Dip Side Table

Each table is built to order in our shop. The steel structure is made with 2x2x1/8” steel angles. The structure is then painted with a satin white. The top is made with two options of hardwood veneer plywood; walnut or oak, finished with tung oil. The legs are finished with rubber tips to give the desk a no slip grip on the floor.

20” L x 20” W x 20” H

Please Note: Ships within 2-3 weeks after order is placed. Shipping time: 2-3 days via freight carrier.

Dip Side Table © 2014 Synecdoche Design Studio LLC

Available for purchase at Etsy.com

Controlled burn is a contemporary proposal of traditional fire treatment as a material construction and ecological process. A controlled burn would be conducted on the garden during the Inaugural event. The remainder of the festival would exhibit the natural development of regrowth from ashes, putting the process on display prior to the plantings.

A shou sugi ban cedar boardwalk acts as an induced edge effect, a structural boundary between two habitats. It provides a fire resistant material palette during the brush fire and seals the natural fibers preventing rot and insects during regrowth. The structural contour of the boardwalk meeting the ground plane provides a choke point to extinguish the fire. The dark luminous sheen of the wood is balanced aside the light filigree of plantings.

The walk separates an untouched exterior edge of grasses and an interior of ashes. As the interior regrows, the fragrance of charred cedar planks remains as a continuous path wrapping between the two plantings. A pocket in the garden provides a ledge to sit and pause along the boardwalk, feet sweeping just above the surface as to not disturb the growth, absorbing the immediate aromatic sensorial experience and slow renewal of plantings. As a result, the garden is a proposal of connecting built and ecosystems into productive rather than destructive natures.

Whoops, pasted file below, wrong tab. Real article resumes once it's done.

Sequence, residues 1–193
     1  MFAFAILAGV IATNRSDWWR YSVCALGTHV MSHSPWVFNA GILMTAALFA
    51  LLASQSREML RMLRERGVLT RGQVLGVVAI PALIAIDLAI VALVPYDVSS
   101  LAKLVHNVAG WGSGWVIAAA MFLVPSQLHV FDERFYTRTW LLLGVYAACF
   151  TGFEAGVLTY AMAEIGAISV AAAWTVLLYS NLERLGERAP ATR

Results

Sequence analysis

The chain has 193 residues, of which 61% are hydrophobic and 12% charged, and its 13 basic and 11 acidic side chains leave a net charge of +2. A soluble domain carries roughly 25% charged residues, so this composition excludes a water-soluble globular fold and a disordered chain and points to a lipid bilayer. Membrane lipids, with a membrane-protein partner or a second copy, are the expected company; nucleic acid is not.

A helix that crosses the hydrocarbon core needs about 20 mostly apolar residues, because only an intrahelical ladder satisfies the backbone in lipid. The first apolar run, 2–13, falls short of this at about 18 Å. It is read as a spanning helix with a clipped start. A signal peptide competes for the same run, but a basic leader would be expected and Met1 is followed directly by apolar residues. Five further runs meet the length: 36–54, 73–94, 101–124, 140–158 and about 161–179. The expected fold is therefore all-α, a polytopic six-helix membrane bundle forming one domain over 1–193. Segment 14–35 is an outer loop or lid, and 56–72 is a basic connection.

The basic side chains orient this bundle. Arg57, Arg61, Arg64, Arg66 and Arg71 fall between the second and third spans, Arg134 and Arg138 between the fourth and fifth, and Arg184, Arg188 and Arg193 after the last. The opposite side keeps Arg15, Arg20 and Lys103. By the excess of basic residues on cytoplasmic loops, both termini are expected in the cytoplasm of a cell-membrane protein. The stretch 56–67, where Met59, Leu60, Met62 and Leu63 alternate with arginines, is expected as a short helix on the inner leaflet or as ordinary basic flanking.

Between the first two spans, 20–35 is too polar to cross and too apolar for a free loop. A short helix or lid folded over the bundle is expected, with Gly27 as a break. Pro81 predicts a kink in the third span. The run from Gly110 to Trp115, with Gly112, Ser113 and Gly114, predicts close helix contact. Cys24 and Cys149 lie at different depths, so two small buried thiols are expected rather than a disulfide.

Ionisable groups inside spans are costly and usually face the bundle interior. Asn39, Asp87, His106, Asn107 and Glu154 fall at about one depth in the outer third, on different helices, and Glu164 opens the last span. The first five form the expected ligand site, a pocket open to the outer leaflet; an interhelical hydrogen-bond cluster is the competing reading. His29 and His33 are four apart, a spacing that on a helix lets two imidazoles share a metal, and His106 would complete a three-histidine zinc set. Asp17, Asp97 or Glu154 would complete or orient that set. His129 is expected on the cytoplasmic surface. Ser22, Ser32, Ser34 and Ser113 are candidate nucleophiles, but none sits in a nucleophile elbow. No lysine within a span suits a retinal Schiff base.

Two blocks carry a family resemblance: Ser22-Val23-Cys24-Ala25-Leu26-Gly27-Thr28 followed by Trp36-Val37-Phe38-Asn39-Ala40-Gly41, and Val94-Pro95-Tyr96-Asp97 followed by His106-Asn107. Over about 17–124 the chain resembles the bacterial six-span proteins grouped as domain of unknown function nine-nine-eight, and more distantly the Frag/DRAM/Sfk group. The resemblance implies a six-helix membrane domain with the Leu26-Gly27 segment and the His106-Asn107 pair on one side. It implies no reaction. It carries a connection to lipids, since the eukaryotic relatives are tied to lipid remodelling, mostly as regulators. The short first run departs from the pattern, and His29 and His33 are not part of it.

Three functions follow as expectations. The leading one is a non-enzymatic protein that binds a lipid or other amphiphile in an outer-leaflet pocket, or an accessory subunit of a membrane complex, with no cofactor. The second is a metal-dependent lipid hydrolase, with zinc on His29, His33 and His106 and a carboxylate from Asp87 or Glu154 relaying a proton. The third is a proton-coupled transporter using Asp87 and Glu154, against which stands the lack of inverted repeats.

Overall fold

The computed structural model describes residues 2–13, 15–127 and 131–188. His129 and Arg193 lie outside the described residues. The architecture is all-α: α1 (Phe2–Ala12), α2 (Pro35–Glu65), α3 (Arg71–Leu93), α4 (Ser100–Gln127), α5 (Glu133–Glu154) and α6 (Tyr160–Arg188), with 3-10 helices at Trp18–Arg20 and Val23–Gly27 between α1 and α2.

Top 20 entry for the New Gardens of the 15th International Garden Festival in Quebec, Canada.

The Lunch Room | Ann Arbor, Michigan | 2013 | Design+Build


Designed as a second iteration of the culinary adventures of The Lunch Room, the space borrowed design motives from the operations of the start-up food cart.  The long continuous counter has variations in detailing for the bakery, point-of-sale and counter service. The open kitchen allows interaction throughout the meal, critical for the charismatic owners to always be engaging with their customers.

Synecdoche designed and fabricated all the custom features of the space. The soffits within the space help define separate zones of dining and service within the cozy space. The typical bamboo skewers are dipped in paint and as aggregate of small details lose their individual appearance and becomes one large installation. Custom cut cement board gives definition and durability to the walls, hinting at the restaurant’s signature yellow color within the reveal joint. A large banquet buffers sound and provides flexible seating with moving tables custom welded with the same detailing as the counter.
status: built
location: ann arbor, michigan, u.s.a.
role: design + build
additional credits: joe donelko, jeff gearhart, aaron willette, jason prather, john hilmes
o’neal construction
snider electric
wilbur plumbing
robertson + morrison hvac
innovative drywall services
burt forest products
fingerle lumber
alro metals plus
blu dot

The Big Top